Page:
Indulge me for a moment, and think back to when you were turning 18. What was the one big question everyone wanted an answer to? …

“What are you going to do with your life?” and by that people actually meant

“What are you going to do for a living? Who are you going to be?”.

It was time to make a choice, what profession or vocation would you pursue to pay the bills and make your way in the world. And although for many of us it was a lot of pressure, it was also very powerful! The world was our oyster, and we could be anything we wanted to be; it was time to forge ahead and create our destiny, our identity. Oddly, I do not ever remember anyone asking me IF “I wanted to have a paying job someday?” or “would I prefer to hangout with my friends and only do fun stuff in the community?”

Yet for a very long time, our field has done just that. With the best of intentions, and rooted firmly in one of our core values “CHOICE”, we have asked individuals with developmental disabilities IF they would like a paid job someday? Now at first glance, that sounds like an attractive offer. Who wouldn’t want more leisure time in their lives, right?

But what message are we really sending?

When society has no expectations of a person, there is a risk that people with disabilities will live up to that! How disempowering to believe that the world expects absolutely nothing from you. Particularly when many individuals are capable of entering the workforce, if only given an opportunity and the right supports. I welcome the government reframing the question. I see the value it offers individuals to ask them “how they are going to contribute?” presuming capacity first, and validating each person has inherent worth.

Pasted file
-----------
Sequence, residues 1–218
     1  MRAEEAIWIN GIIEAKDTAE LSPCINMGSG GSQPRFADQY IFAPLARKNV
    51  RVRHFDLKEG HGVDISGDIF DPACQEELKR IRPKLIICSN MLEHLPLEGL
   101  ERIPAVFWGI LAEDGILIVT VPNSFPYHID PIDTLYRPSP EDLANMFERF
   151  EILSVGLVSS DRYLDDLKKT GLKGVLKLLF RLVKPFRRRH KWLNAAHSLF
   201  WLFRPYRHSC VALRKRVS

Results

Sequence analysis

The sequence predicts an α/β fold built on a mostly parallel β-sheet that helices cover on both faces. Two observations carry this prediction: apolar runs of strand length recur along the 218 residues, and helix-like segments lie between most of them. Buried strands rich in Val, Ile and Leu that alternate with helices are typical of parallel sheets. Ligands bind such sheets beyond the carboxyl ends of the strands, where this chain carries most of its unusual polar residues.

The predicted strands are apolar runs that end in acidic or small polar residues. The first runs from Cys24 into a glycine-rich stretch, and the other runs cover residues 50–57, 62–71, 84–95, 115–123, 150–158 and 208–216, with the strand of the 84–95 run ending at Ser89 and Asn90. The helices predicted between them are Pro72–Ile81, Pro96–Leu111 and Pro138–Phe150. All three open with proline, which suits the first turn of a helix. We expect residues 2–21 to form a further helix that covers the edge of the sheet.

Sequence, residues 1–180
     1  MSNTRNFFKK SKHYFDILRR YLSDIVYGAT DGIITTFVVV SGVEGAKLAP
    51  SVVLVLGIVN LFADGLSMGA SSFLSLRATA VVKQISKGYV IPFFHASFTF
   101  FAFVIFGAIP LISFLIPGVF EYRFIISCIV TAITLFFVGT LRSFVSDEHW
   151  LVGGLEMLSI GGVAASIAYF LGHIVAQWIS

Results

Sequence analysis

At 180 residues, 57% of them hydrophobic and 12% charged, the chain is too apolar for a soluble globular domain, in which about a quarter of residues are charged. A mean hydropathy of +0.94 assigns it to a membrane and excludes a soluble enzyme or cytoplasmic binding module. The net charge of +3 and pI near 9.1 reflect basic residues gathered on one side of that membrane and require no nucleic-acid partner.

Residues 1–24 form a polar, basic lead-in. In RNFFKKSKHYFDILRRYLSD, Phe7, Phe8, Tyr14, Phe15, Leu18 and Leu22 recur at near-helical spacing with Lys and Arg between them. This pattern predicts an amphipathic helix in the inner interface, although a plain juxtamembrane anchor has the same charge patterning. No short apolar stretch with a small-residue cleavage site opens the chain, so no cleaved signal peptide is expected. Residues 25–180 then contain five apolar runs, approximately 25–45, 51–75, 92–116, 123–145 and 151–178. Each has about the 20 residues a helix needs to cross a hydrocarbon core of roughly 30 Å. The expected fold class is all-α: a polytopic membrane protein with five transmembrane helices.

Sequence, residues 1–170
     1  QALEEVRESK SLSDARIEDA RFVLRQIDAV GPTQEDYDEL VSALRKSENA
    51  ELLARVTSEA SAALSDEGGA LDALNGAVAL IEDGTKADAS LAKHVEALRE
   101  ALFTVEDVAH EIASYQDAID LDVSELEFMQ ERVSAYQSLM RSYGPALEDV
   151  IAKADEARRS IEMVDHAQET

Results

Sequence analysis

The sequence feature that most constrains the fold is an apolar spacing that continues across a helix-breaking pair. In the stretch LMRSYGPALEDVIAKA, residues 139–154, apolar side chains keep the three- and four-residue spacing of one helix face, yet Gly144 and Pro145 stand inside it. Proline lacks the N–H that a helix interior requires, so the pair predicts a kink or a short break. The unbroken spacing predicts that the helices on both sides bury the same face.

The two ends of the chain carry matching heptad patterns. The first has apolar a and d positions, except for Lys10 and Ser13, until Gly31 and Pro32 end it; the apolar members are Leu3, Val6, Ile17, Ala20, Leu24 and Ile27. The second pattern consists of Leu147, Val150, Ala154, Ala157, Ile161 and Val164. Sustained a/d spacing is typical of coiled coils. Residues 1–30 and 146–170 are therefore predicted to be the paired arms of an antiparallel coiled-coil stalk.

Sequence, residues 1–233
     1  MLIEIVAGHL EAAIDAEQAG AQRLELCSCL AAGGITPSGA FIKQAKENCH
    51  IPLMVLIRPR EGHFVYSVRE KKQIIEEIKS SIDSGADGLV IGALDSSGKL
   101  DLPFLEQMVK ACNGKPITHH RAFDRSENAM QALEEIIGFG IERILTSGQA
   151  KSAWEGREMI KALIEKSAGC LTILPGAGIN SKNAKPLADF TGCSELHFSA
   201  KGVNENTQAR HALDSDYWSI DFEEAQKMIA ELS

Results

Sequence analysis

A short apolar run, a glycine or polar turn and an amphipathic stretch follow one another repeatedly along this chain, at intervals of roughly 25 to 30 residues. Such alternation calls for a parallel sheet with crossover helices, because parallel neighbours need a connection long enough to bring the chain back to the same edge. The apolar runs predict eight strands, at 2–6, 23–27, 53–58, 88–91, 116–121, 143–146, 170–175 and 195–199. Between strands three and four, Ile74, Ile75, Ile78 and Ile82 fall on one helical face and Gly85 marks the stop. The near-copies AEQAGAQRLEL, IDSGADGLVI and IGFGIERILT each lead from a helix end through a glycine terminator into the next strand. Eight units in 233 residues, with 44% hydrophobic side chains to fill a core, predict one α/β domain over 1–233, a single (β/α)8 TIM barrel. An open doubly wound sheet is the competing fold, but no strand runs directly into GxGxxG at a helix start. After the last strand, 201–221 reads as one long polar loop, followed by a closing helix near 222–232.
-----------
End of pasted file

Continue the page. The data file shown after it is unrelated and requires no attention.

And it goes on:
Is that how you see it?

Let’s be clear, I still recognize that recreation and volunteer supports must remain available for those individuals who are not yet employment ready, or the few who may never achieve that level of independence. And many individuals capable of employment may only do so part time, and will likely benefit from continued access to some level of supported community access. Our collective voices can advocate to keep what works and remains necessary, then REINVENT the REST! That is where we all need to continue to work collaboratively, government and community agencies alike, to assist as needed to ensure each person lives their unique, best life.

Lastly, let’s not allow the  TV commercials, protests, and other media coverage to divert our attention so much as to forget the allocation of a 10% increase for wages and benefits of community agency staff. Granted the 15% promised would have been nicer but 10% was still unprecedented! Do you feel that the approximate 10% increase allocated will help in keeping qualified staff working in this field?

Change happens; let’s MOVE AHEAD!

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JoanneJoanne Marcotte, BASC

Chair, Central Alberta FASD Society

Services and Development Specialist

Cosmos Community Support Services Ltd.